Cook in advance “She can cook in advance, which I recommend most often. For example, prepare a batch of stew and portion it out, then freeze a few portions for those days when she doesn’t feel like cooking. Also when cooking for herself, I recommend cooking more than the number of portions she’s going to eat today or tomorrow. I suggest she cook 4 or 5 portions, so she can reserve some and freeze it for those less-than-ideal days,” advised Chef Peled.
The Food Network Chopped champion said there are other easily prepared meal items that cancer survivors should consider. One can easily make scrambled eggs, add cheese to them if desired (she likes Gruyere or Swiss), and serve with fresh fruit. “The way I make scrambled eggs is simple. I like the yolk a bit soft so I melt unsalted butter in a nonstick pan, crack 2 eggs and scramble them in the frying pan. I only add a bit of Kosher salt and make sure the eggs are still soft and not overcooked,” explained Chef Peled. “Or you can throw some potatoes in the oven and have a big baked potato with all sorts of yummy toppings on it.”
Many meals are quick and easy to make, and only require a little thought beforehand. Chef Peled suggested buying a vacuum-sealing machine; they are so useful and their cost has come down. “For example, cook a roast chicken, then portion it out, vacuum seal it, and freeze. When you’re ready to heat it, you can cook the portion right in the sealed bag. Just place it in simmering water until it reaches 165 degrees. This way the food will stay moist. Like sous vide. Cooking in batches and freezing is, in my opinion, the best way to make sure you have healthful food available all the time,” she said.
Plan menus Chef Peled suggests developing a menu for the week. If you cook for several hours 1 day a week, you can actually adequately portion your meals. That’s the way to maintain proper portions and eat a balanced diet. You’re not just scooping heaps of food on your plate. Research has shown that people will eat with their eyes. So if you portion your meals like that and freeze the portions, you’re making sure that you get the ideal quantity of calories and nutrients.”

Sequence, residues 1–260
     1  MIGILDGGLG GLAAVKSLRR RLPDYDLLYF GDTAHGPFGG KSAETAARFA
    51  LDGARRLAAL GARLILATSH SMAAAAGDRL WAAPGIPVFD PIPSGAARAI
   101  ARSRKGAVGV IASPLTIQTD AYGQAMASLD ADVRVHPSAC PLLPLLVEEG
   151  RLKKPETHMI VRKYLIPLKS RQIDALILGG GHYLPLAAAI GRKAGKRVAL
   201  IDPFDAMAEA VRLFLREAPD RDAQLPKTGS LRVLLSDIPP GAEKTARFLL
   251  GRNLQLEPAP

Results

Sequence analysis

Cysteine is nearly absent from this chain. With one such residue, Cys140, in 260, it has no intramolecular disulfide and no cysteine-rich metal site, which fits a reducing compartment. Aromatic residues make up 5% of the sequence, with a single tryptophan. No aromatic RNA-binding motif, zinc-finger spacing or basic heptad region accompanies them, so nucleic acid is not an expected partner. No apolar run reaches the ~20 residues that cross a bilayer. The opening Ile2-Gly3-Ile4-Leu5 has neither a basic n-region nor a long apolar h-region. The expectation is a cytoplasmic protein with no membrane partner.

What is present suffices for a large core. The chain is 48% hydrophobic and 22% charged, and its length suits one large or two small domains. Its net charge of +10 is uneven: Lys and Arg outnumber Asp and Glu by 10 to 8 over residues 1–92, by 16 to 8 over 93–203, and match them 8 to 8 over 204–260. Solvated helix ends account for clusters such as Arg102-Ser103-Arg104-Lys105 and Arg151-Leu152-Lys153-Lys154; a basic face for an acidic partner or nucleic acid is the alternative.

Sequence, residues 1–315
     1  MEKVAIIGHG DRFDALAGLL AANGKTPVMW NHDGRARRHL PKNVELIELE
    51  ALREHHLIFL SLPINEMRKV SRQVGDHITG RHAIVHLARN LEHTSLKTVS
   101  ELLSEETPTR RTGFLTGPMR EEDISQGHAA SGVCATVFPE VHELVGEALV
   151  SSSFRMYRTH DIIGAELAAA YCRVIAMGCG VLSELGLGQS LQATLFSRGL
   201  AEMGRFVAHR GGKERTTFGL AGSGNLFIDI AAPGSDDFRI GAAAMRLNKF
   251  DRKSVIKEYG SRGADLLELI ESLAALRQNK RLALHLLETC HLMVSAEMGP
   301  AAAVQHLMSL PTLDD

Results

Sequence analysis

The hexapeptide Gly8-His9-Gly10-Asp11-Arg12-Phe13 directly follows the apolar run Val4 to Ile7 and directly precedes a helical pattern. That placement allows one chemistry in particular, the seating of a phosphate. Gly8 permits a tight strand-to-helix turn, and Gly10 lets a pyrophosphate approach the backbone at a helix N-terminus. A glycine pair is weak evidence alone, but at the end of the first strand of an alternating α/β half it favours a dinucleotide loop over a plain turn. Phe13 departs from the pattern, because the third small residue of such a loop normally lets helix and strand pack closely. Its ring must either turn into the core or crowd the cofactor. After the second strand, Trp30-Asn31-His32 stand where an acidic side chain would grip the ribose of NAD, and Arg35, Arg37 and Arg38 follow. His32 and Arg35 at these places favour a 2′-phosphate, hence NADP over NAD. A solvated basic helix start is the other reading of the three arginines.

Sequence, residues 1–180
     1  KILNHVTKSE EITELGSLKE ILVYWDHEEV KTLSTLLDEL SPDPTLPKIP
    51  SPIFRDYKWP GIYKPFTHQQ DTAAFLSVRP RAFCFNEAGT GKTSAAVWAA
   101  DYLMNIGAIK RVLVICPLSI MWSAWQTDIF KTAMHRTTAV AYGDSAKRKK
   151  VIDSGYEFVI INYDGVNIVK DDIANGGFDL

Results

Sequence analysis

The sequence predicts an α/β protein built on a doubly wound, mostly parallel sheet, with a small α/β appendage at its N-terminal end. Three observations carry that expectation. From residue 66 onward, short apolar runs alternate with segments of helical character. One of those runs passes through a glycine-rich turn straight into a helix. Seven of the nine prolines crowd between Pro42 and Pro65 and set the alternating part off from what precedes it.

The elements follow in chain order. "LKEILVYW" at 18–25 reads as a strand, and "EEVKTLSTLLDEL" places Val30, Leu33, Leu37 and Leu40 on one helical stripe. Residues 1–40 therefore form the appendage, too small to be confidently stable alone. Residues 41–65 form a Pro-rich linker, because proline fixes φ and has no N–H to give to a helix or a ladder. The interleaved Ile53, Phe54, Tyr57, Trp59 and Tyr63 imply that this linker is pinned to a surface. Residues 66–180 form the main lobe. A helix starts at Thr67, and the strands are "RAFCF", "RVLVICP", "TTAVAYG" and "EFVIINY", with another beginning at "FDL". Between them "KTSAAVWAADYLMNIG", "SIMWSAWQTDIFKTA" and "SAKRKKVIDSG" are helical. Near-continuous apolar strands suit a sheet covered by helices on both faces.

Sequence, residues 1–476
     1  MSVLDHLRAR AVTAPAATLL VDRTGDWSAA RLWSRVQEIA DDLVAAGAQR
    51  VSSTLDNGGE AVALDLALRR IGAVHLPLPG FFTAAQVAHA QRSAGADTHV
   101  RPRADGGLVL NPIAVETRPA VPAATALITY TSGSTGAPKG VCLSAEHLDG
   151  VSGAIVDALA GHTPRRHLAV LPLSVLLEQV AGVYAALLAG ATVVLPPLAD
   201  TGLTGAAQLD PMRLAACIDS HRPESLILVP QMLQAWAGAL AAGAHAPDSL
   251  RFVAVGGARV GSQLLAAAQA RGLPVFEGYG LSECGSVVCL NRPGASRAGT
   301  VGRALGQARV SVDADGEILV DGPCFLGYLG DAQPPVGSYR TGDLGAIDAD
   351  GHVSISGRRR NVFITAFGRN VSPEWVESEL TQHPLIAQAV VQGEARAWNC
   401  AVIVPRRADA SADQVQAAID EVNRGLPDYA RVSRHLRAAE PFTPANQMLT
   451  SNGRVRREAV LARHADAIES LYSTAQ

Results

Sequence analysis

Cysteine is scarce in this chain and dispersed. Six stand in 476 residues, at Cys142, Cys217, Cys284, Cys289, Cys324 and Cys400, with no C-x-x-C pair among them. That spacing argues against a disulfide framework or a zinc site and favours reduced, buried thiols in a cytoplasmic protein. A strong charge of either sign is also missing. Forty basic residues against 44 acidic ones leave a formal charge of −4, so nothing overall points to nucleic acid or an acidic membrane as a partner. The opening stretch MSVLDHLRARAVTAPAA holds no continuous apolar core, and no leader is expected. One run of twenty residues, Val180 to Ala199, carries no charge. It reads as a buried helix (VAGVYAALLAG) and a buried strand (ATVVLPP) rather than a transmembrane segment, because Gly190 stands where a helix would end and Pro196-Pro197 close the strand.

|Chef Pnina Peled’s Vegetable Tagine|
Add garlic, chopped veggies, salt, and spices. Toss well to combine.
Cook for approximately 8 minutes on medium-high heat, mixing regularly with a wooden spoon.
Add tomatoes, apricots, and broth.
Cook on medium-high for 10 minutes more.
Reduce the heat, cover, and simmer for another 30 minutes or until veggies are tender.
Stir in chickpeas and cook another 10 minutes on low heat.
Stir in lemon juice and fresh parsley.
Taste and adjust seasoning. Serve with rice or couscous.
|Chef Pnina Peled’s Mediterranean Baked Eggs|
Add the onion and cook on medium-low heat until golden, stirring regularly to avoid burning.
Add the garlic and mix to combine. Cook for approximately 3 minutes.
Add the pepper and mix to combine, cooking for another 3 minutes.
Mix in the tomato sauce; add salt, pepper, and paprika and allow to cook until the sauce begins to bubble.
Lower to heat to simmer and crack the eggs directly over the sauce, making sure to keep some distance between each egg.
Cover and allow to simmer until the white portion of the egg is cooked through and the yolk is still soft.
Remove from heat and serve with your favorite bread.
1. Cancer statistics. National Cancer Institute website. https://www.cancer.gov/about-cancer/understanding/statistics. Updated April 27, 2018. Accessed January 17, 2019.
2. Besser J, Grant B; the American Cancer Society. What to Eat During Cancer Treatment. 2nd ed. Atlanta, GA: American Cancer Society; 2018.